“Back to Bethlehem”
Robert M. Thompson, Pastor
Corinth Reformed Church
150 Sixteenth Avenue NW
Hickory, North Carolina 28601
(© 2010 by Robert M. Thompson. Unless otherwise indicated, Scriptures quoted are from The Holy Bible,
New International Version, Copyright 2010 by New York International Bible Society.)
Candlelighting Meditation – December 19, 2010
“Back to Bethlehem?” Why would anyone want to go there?
Pastor Paul Cummings said this morning in his sermon that Rocky Mount, North Carolina, is a great place to be from. It’s not a great place to be. Jesus could probably say the same thing about Bethlehem.
Christians have been emigrating from Bethlehem for the past sixty years. In 1948, Christians made up 85% of Bethlehem’s population. Today only about 20% of the town’s 30,000 residents are Christian. For centuries, Bethlehem’s bread and butter has been tourism, with the Christian population commercializing the birthplace of Jesus.
But tourism is way down since the Second Intifada almost a decade ago. During that conflict 200 Palestinian militants took refuge from the Israeli army in the Church of the Nativity, the world’s oldest church. The church’s bellringer and nine militants died in the hostage drama. Who wants to risk your life to go back to Bethlehem?
The entire history of Bethlehem is littered with conflict: Christians vs. Muslims, Muslims vs. Jews, Greek Orthodox Christians vs. Catholic Christians, Samaritans vs. Jews, Canaanites vs. Israelites.
Even at the time of Bethlehem’s most celebrated labor and delivery, it was considered “little among the clans of Judah” (Micah 5:2) – the long-forgotten hometown of King David. Jesus’ birth went virtually unnoticed because it happened in Bethlehem.
Bethlehem never was, and still isn’t, a place you would expect to find Christmas. Then again, Christmas has a way of showing up in unexpected places.
Today’s meditation was inspired by my mother, who published an original Christmas meditation card this year titled “Back to Bethlehem.” My mother has always loved Christmas, trying to make it special for us kids a half-century ago in Pakistan where she and Dad serving as missionaries. Mom would have to plan ahead and pack Christmas gifts and decorations for five kids five years ahead of time.
Mom’s love for Christmas is based on her love for the Bible and the story of Jesus, and that’s what Mom writes about in “Back to Bethlehem.” You wouldn’t expect to find Christmas in a Bible story about a grieving widow and her widowed foreign daughter-in-law, but my mother found Jesus in the story of Naomi and Ruth.
The background of the story is that Naomi and her husband had moved from Bethlehem to Moab because of a famine. Their two sons married Moabite women and all seemed happy. Then Naomi’s husband and both sons died, causing the widow to go back to Bethlehem accompanied by one young widowed daughter-in-law, Ruth. The only possibility for a promising future would be if a close relative claimed the right to the “property” left behind by Naomi’s dead husband and sons, including the women. My mother writes,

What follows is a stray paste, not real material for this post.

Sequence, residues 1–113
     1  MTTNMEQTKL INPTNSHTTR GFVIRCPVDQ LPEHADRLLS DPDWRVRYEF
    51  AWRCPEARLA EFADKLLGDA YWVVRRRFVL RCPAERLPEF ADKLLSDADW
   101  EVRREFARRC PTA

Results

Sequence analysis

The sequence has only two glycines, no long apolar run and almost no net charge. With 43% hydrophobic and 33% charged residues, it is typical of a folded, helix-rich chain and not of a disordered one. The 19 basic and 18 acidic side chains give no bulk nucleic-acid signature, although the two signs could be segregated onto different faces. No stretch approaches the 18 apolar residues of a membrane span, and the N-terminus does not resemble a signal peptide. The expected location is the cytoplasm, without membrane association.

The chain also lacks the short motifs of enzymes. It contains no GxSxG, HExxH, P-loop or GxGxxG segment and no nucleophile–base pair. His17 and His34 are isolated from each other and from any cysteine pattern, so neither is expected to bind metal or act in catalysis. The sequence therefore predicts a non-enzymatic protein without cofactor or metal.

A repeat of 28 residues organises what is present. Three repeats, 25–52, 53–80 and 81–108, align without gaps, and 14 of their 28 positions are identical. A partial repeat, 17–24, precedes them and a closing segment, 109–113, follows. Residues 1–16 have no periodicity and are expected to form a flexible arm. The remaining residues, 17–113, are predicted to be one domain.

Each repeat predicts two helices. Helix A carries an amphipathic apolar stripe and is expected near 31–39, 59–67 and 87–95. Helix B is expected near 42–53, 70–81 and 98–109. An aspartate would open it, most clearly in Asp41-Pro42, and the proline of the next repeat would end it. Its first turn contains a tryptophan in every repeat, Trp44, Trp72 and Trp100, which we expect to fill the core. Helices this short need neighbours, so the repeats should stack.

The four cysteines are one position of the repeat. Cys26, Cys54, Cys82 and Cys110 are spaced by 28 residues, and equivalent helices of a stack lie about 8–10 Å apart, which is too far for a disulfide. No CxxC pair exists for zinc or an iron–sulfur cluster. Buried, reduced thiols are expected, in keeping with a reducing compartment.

Naomi’s bitterness was turned into hope when Boaz, a wealthy Bethlehemite, bought Naomi’s property, became her kinsman-redeemer, and married Ruth. A joyful Naomi was able to hold her grandson, Ruth’s tiny baby Obed, the ancestor of both King David and Jesus.
Bethlehem is important because God set the stage there. Boaz is a beautiful picture of the great Kinsman of humanity, the Redeemer, Jesus Christ. Without a Kinsman-Redeemer, we, like Naomi, will lose everything God offers us. Jesus paid the ultimate price. As our Kinsman-Redeemer, he gained the right to take us for His own, just as Boaz did for Naomi and Ruth….
Those who, like Naomi, feel emotionally spent and pained because of some difficult circumstance can look back to Bethlehem this Christmas. They will find the Savior Who came to “buy back His property” and give new life to all who believe in Him.
Emotional exhaustion, pain, difficult circumstances – that’s not where we expect to find Christmas. The message we hear all around us in December is to forget about your troubles for a few weeks, smooth over your conflicts long enough to enjoy Christmas dinner at Grandma’s, place your financial challenges on hold and buy more stuff than you can afford anyway, wear a smile even if you don’t feel like it.
Then we hear, “Why can’t we have Christmas all year long?” The answer is because it’s not real. Much of our Christmas observance is about pretending to be good, pretending to get along, pretending to be Christian by going to church, pretending to be happy, pretending to be Super Mom or Super Dad, trying to fulfill everyone’s expectations.
I’m not suggesting that you become Mr. Grinch, spoiling the festivities by stealing Christmas, literally or figuratively. I’m not suggesting conscientious objection to Christmas. I am suggesting that we go back to Bethlehem.
Bethlehem is an unexpected place to find Christmas, because Bethlehem represents grief, pain, obscurity, and conflict – everything we think we need to avoid to enjoy Christmas.
This Christmas move toward your pain, not away from it.
Choose to believe the good news of Christmas, that God redeems us though Jesus when we admit our sin and need.
Name your disappointments and fears so that you can find comfort and strength remembering the rejection and frustration Mary and Joseph must have felt when there was no room in the inn.
Identify those people in your life with whom you have conflict. Christmas may not be the time to resolve everything, but spend time with them, listen to them, pray for them.
Look around you the Naomis of our world, the bitter, grieving, lonely, poor, and hopeless. Choose to love them for Christ’s sake.
That would be the best way to go back to Bethlehem. Amen.